Credit unions have the highest loan quality so far in 2010, based on post-closing quality control audits performed by Quality Mortgage Services LLC (QMS), a national compliance solution provider. In the study by QMS, nearly 50 percent of credit union loans are rated as “Excellent” whereas 34 percent of bank loans were ranked “Excellent” and non-bank loans ranked 22 percent in the “Excellent” category. These loans were audited for federal regulatory audits, credit and collateral analysis, and mortgage fraud.
Non-banks took the lead in the “Good” ranking, where nearly 61 percent of the loans had minor loan defects, but were very marketable on the secondary market. Banks ranked at 56 percent and credit unions ranked at 43 percent.
For the credit unions to score so well in the “Excellent” ranking, there is a noticeable difference in the credit scores and ratios. The average credit score coming from credit unions in 2010 is 761, whereas in 2009, the average credit score was 772. Banks averaged a score of 755 for 2010 and 2009. The non-bank credit score average came in at 737 for 2010 and 722 for 2009. Credit unions maintained a high credit score average of 761 for loans that ranked “Good” in 2010, while banks and non-banks had an average credit score of 736 and 710, respectively, in the “Good” category.
When analyzing the percentile of pooled loans for purchase on the secondary market, credit unions and banks ran very closely at 92.17 percent and 91.13 percent respectively of loans with low loan defects. Non-banks had 83.03 percent of mortgage loans with low loan defects, which is the same percentile for 2009.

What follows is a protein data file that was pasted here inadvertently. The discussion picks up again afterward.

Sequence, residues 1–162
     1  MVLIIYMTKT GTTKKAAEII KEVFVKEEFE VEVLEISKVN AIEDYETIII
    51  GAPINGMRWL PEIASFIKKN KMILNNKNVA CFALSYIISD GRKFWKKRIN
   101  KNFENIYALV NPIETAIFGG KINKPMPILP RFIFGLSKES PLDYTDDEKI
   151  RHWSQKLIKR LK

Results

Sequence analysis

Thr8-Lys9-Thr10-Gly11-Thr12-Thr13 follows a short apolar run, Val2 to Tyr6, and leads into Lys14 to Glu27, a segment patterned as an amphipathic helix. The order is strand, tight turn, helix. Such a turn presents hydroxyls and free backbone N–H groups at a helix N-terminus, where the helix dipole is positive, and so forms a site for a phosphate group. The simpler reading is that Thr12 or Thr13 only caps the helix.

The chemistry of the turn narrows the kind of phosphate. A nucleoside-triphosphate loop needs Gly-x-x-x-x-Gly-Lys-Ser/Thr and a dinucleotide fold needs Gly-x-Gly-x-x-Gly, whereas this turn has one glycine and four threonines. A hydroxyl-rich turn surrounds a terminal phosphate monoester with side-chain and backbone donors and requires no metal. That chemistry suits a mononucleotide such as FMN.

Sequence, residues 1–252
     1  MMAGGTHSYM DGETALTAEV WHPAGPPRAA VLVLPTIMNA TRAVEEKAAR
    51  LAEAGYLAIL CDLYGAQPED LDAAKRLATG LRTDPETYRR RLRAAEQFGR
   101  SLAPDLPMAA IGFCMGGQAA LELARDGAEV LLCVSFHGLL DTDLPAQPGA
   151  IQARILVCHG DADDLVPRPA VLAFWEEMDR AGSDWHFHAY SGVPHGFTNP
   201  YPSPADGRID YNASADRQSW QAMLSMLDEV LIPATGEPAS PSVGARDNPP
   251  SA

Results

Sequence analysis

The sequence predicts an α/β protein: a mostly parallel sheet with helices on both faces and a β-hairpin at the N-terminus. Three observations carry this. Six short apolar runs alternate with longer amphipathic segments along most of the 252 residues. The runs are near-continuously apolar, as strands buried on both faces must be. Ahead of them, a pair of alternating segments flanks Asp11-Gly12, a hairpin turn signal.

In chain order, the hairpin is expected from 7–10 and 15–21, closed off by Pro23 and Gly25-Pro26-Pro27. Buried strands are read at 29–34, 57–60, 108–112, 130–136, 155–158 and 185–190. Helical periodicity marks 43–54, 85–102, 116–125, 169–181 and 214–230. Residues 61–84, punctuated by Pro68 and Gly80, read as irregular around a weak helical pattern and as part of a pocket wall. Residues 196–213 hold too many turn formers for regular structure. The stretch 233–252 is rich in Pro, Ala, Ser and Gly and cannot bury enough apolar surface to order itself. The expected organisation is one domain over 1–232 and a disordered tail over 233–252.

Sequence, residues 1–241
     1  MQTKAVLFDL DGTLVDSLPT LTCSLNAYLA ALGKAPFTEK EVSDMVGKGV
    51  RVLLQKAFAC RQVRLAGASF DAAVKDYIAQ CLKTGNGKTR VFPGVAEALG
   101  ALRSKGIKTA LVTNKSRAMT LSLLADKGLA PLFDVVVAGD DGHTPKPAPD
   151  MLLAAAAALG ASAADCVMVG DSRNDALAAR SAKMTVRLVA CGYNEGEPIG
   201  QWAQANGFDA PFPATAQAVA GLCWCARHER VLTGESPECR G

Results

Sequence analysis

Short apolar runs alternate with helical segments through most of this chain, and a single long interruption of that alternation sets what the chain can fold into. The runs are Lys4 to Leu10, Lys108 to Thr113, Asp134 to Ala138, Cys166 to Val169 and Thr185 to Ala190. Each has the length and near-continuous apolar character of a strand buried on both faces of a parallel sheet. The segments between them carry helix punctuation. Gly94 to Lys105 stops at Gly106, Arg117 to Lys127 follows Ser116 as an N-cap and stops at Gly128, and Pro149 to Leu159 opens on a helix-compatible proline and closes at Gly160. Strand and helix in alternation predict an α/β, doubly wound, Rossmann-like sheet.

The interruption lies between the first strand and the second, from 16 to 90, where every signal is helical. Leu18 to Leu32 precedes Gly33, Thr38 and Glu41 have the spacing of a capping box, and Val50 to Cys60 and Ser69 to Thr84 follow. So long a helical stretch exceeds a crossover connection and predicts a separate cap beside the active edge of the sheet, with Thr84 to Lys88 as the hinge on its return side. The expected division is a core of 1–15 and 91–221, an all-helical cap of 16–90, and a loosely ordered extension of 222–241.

The credit union average back ratio is another measurement that sets the credit union’s loan quality apart from the other lending institutions. The average back ratio for credit unions in the “Excellent” category currently came in at 33 percent where banks had an average of 36 percent and non-banks had 35 percent average for back ratios. In the “Good” category, credit unions maintained the lead with an average of 34 percent, banks were at 36 percent and non-banks had a 41 percent back ratio average. Credit union borrowers are financially a stronger borrower based on the results of post-closing audits.
Credit unions and banks are very close in their averages for potential repurchases. Credit unions had a 7.09 percent ranking in the “Fair” category where loan defects may warrant a repurchase claim. Banks had a 7.78 percent “Fair” ranking and non-banks had a 14.21 percent loan defect ranking as “Fair” that may provoke a repurchase.
When it comes to fraud for housing, credit union had a 0.75 percent ranking in the “Poor” category, banks had a 1.10 percent ranking and non-banks had a 2.76 percent ranking. This “Poor” category is where fraud for housing was discovered during the post-closing audit. The “Poor” category has nothing to do with a loan in default, but a ranking where the loan should have never been made.
Tommy A. Duncan is executive vice president of Quality Mortgage Services LLC. For answers to your QC and FHA questions, please contact Tommy at (615) 591-2528, ext. 124 or e-mail email@example.com.